The public is currently terrified of owning anything with subprime exposure, and terrified of lending to banks that might be wiped out by such exposure. At the same time the public is desperate for the safety of T-bills and T-bonds, to the extent that T-bill yields fell almost to zero the other day and are still less than 1%.
If Treasury actually goes ahead with the $700 bailout plan, this is the essence of what will happen:
Treasury will give the public exactly what it is desperate for (by selling a slug of new T-bills and T-bonds), and in return take from the public exactly what it doesn't want (subprime mortgage securities). It shouldn't have any trouble accomplishing this if and when the authority is granted.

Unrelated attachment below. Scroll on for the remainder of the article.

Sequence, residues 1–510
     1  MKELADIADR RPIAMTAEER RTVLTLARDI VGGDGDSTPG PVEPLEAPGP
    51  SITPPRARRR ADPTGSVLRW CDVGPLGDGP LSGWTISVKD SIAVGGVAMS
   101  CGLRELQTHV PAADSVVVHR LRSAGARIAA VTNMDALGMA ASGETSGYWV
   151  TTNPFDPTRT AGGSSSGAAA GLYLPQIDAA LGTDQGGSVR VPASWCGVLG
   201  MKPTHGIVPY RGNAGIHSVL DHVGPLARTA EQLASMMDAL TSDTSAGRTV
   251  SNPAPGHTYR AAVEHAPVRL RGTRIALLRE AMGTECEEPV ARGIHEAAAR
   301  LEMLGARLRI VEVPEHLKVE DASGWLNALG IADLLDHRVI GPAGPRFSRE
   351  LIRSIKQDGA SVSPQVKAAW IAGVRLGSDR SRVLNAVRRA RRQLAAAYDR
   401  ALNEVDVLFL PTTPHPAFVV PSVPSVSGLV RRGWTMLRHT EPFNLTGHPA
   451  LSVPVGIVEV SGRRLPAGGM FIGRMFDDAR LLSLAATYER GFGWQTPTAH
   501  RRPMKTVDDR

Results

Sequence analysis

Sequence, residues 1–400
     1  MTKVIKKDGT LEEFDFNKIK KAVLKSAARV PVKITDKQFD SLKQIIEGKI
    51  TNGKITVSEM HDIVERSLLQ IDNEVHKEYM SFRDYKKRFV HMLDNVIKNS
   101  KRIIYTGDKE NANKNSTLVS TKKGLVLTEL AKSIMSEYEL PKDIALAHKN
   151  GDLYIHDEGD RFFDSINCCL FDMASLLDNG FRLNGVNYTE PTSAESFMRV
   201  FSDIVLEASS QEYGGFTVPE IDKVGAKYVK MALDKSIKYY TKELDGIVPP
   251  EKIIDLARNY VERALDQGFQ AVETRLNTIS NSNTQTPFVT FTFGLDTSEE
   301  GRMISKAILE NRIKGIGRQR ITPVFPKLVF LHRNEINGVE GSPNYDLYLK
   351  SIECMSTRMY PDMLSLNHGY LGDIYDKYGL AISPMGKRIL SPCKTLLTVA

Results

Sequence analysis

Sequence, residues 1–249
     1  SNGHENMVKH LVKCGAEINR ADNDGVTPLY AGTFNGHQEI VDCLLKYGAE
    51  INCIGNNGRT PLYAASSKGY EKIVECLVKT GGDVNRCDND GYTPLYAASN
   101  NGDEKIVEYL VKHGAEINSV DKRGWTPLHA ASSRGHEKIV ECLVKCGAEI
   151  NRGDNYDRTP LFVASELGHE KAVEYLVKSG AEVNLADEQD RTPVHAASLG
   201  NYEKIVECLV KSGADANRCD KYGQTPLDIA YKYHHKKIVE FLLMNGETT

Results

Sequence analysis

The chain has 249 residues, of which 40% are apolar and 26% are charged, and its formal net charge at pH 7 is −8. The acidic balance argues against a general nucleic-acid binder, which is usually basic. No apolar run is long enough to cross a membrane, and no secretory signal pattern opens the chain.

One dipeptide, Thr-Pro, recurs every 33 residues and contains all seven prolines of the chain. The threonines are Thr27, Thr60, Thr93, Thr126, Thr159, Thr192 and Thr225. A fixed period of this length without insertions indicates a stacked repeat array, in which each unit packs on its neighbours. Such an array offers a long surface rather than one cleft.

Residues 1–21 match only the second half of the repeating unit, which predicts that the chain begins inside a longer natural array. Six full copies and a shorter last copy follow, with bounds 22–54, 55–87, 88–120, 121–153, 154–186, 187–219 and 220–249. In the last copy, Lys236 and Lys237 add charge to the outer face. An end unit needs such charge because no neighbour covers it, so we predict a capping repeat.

In the financial market the role that Treasury will be playing is traditionally the role of the speculator; the one who buys what no one wants in exchange for the cash that everyone wants. The problem many people have with this (myself included) is that the Constitution does not give the federal government the authority to be a speculator. That's what the private sector is for.